Why Capturing Imagination Is Important For Deeper Learning
by Drew Perkins, Director of ThoughtStretchers Education
I miss teaching.
Not so much the rigors of bells, short breaks, endless supervision duty, multiple preps, rushed lunches, and the paperwork. But I miss the actual moments in my classes where I captured the imagination of students. I still get that privilege when I facilitate our professional development but there’s something different about hooking a student into a moment of profound thinking. Not only because it is a moment of enlightenment, but also because it is a gateway to deeper learning.
Much has been made of the importance of effective instruction, including in my recent piece, 3 Questions To Help Make ‘Deeper Learning’ Work, and I do think it is essential and sometimes overlooked in pursuit of student engagement. But in most of my conversations with or readings from the ‘science of learning’ advocates, I’m generally left feeling like they’re leaving out something significant.
While I certainly think long term memory is important, as is direct instruction, I’m almost always left wanting by these kinds of writings that seem to end at knowledge and leave out understanding and deeper abstract conceptual learning.
— Drew Perkins (@dperkinsed) January 6, 2023
Getting students to learn more deeply requires their cognitive engagement, and that rarely comes without them being interested. Yes, it is true that learning often leads to motivation, as students feel a sense of success and efficacy. Certainly, the opposite is intuitively true; when a student is struggling and left feeling defeated, their motivation will be halted. While knowledge is necessary for deeper learning, it is not sufficient.
Capturing the imagination of students can take many forms, and I would argue that all of them brush up against the power of questions waiting to be answered. Sometimes they are ‘in the moment’ kinds of phenomenon, planned by the teacher to inspire awe, create cognitive dissonance, or allow students to experience something new.
Other times they are more macro. Perhaps a teacher, who over the course of a semester, models thinking in a way that pushes and inspires student thinking. Or a Project Based Learning experience, like our Straw Project Exemplar, that is meant to surface those ‘a-ha’ moments. Or perhaps an engagement with content and knowledge in ways that connect to the ideas, thoughts, and questions of others like Socratic Seminar, World Cafe Conversations, or a structured protocol like the ones developed by one of our partners, the NSRF.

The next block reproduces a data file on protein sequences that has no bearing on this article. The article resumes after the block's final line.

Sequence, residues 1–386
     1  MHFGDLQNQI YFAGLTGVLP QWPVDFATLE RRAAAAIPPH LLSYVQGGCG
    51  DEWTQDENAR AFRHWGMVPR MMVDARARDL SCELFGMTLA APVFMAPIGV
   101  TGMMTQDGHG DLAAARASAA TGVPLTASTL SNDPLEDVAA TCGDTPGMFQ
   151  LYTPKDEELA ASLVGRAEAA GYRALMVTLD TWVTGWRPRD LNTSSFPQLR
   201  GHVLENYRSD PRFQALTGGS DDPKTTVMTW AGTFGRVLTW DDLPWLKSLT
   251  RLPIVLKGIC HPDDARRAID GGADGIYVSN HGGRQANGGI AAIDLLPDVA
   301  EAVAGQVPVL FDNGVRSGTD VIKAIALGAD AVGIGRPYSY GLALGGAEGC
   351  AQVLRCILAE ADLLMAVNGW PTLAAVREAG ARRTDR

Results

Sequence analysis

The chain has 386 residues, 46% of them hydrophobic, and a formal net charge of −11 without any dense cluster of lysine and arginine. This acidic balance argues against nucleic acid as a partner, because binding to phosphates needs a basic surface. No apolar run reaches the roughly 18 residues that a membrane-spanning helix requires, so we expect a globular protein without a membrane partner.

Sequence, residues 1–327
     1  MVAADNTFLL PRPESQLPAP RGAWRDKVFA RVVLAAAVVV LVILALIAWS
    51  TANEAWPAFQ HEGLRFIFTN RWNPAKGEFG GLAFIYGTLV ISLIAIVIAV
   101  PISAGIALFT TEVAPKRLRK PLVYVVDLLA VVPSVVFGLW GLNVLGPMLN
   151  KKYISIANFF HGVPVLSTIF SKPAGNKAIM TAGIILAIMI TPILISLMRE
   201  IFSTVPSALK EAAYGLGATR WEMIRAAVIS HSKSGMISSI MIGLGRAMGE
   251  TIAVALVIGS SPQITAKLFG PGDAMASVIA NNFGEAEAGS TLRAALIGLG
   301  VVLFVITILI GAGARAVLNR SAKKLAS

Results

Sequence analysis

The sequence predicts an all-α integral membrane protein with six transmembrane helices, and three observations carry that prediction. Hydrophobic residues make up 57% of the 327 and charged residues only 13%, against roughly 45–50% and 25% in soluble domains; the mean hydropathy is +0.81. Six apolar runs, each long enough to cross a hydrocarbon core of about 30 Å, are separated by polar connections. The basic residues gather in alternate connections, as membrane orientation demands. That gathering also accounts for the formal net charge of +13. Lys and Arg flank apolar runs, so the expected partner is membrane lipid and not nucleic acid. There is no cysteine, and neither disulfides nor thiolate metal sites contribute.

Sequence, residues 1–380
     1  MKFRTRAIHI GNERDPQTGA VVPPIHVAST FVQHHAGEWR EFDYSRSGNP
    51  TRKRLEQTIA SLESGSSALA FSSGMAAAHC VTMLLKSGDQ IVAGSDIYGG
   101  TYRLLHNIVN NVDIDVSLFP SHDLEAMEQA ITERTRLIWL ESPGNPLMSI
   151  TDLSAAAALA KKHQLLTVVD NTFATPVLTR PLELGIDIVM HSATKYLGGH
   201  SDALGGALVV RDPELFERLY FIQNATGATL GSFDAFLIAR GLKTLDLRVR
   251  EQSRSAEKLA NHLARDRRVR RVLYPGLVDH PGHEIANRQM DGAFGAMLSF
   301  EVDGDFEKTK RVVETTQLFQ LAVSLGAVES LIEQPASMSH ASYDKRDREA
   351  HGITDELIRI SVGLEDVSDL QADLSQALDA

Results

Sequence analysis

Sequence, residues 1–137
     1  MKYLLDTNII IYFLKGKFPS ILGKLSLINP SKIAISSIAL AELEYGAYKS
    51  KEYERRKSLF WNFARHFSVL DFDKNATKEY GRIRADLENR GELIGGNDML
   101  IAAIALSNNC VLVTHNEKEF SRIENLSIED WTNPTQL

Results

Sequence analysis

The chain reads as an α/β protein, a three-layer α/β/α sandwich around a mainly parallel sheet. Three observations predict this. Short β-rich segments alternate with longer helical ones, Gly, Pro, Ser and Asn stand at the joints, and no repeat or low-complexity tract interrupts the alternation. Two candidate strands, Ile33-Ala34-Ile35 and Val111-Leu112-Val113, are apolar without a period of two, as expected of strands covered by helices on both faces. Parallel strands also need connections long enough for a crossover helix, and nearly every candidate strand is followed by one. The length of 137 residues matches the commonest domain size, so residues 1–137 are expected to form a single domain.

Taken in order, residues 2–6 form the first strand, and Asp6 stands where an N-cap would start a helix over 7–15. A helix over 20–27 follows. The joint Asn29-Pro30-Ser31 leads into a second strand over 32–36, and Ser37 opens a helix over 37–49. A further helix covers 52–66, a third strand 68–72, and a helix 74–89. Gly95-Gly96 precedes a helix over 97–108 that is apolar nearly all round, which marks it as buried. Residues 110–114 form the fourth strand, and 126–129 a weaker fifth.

In my high school psychology classroom, I used all kinds of things to lead student thinking and capture their curiosity. When teaching about sensation and perception, I brought in a magician to perform for them. For our unit on consciousness, I led them through a brief meditation exercise. When we studied disorders, we took a field trip to a local psychiatric hospital.
In my government classroom, I had our local Kentucky State Representative ask them to propose budget policy recommendations that fit the needs of his constituents. In my economics classroom, I brought in an official from the Federal Reserve System, and another time, as part of a Project Based Learning experience, asked students to pitch an entrepreneurial idea for a new sneaker. In my middle school history class, we placed a live call into C-SPAN and were featured on a national news program when we visited a local veterans home.
None of those kinds of things necessarily lead to deeper learning, and we have to be mindful that exciting moments with our classes and students aren’t sufficient either. But paired with dynamic inquiry and effective instruction they all have the potential to move students from a mindset of compliance by generating interest and spurring beautiful questions.
In fact, it isn’t always necessary to plan things of this scale. It is quite possible to capture students imagination and curiosity with simple exercises like the Question Formulation Technique.
Imagine the wondering questions that might emanate from elementary science students when asked to generate questions from this QFT Question Focus:
“The amount of water on the earth now is the same as when dinosaurs existed.”
Or what if we asked students studying civil rights to engage in a Visible Thinking: Making Meaning Routine to define racism after watching Carlos Hoyt’s TEDx Talk demonstration with sugar and salt?
To achieve deeper learning, we can’t forget the principles of effective instruction to help students learn important knowledge. However cognitive engagement should not be limited to knowledge acquisition and changes in long-term memory. In fact, as Zach Groshell and I discussed in this recent podcast chat, there is considerable overlap between the ‘science of learning’ and ‘deeper learning’. Considering how to hook and hold students’ curiosity and use it to leverage them into critical thinking is key.
It isn’t good enough to loiter in the ‘Remember’ and ‘Understand’ levels of Bloom’s taxonomy. It is when learners engage through critical thinking processes like analysis, evaluation, synthesis, and creation that transferable, deeper learning connections are made that endure for years to come.